Christine Lagarde has warned that the European Central Bank is “not done” with raising interest rates, saying that inflation “still has a long way to go”.
Her comments come after a sharp drop in wholesale energy prices in Europe combined with the easing of supply chain bottlenecks encouraged hopes that eurozone inflation is slowing. US inflation also fell in October and global data indicators show this year global inflation has reached its peak.
But the ECB president has adopted a bearish tone. “I want to see inflation [as] peaked in October, but I’m afraid I won’t get that far.”
Some investors expect the ECB to move to smaller rate hikes, in line with the US Federal Reserve, of 0.5 percentage points instead of 0.75 percentage points.
But of Lagarde suggestions for MEP indicates that the ECB is not ready to slow down. “We have to stop stimulating demand,” she said, adding that the banks are in “highly supportive territory”, suggesting they must tighten further.
Soaring energy and food prices as a result of Russia’s invasion of Ukraine and the lifting of coronavirus lockdowns sent eurozone inflation to all-time highs. 10.6% for the year to October.
Economists polled by Reuters expect eurozone inflation to fall to 10.4% in November, as the latest price data comes out of the European Commission’s statistics office announced on Wednesday. But Lagarde said there is still some “pass-through” from higher wholesale energy prices to consumer prices to come.
Natural gas prices have fallen about 40% since their peak in September, but Ms Lagarde said this reflects recent mild weather in Europe that has helped reduce energy consumption and help fill tanks. gas storage facilities, adding that conditions could change for the worse next year.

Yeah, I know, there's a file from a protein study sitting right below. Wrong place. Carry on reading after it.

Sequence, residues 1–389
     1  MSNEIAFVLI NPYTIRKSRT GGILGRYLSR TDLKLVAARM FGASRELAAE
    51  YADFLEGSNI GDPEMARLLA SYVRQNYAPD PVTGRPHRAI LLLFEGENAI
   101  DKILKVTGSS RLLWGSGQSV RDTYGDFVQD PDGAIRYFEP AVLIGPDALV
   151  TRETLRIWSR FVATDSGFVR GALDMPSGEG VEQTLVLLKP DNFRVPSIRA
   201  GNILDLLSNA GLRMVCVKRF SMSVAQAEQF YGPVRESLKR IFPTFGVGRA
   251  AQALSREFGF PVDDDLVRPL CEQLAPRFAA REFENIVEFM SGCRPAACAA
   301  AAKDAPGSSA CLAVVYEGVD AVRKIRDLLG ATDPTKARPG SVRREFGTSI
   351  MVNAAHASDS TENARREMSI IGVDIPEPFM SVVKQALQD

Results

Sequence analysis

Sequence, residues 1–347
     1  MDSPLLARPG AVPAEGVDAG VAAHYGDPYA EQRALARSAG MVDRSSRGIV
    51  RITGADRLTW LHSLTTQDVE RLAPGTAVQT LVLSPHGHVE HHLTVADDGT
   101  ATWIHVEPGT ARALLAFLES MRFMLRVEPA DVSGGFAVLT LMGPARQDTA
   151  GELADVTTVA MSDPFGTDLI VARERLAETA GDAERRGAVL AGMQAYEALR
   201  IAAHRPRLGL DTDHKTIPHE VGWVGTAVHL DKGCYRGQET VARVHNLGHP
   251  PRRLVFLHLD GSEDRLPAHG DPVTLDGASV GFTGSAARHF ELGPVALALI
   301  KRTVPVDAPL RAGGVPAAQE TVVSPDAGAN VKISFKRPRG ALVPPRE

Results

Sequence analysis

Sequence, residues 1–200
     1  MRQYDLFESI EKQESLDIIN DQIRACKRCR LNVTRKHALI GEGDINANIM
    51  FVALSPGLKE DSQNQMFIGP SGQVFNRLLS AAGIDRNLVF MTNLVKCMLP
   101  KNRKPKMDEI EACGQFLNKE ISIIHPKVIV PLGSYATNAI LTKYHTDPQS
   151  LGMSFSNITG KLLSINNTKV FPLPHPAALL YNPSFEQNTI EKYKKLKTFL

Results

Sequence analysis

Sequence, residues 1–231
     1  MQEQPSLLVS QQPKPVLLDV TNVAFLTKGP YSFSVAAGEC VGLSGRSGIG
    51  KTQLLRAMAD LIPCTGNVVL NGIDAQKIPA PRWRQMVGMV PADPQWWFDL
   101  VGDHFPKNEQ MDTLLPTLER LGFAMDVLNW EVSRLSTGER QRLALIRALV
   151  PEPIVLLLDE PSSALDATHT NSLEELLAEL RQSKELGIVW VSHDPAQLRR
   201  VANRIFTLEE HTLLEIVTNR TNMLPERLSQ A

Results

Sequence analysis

“We need to be very, very careful because in the gas futures market the drop is negligible, and the reason behind this drop in gas and the downward pressure on short-term interest rates, we We have to be careful whether they happen or not. finally,” she said.
Lagarde’s comments suggest there is likely to be a heated debate at next month’s ECB meeting, with policymakers detached between maintaining interest rate increases to avoid a wage spiral and switching to smaller increases after signs of recession.
Philip Lane, the dovish ECB chief economist, said last week that the pace of growth in eurozone consumer prices would start to taper off next year and there were arguments for further rate hikes. 0.75 percentage points “no more”.
But Klaas Knot, the hawkish head of the Dutch central bank, said on Monday that it was not a “forgotten conclusion” that Europe would enter a recession and tightening policy worries. ECB’s excessive tightening is “a joke”.
“We must prepare for an extended period in which policymakers and central bankers will have to focus on restoring price stability,” Knot added.
Analysts at Goldman Sachs said on Monday that a change in the way Italian energy prices are calculated could push overall eurozone inflation to a new record of 11% in November, which would put pressure on the ECB to maintain the scale of the rate hike.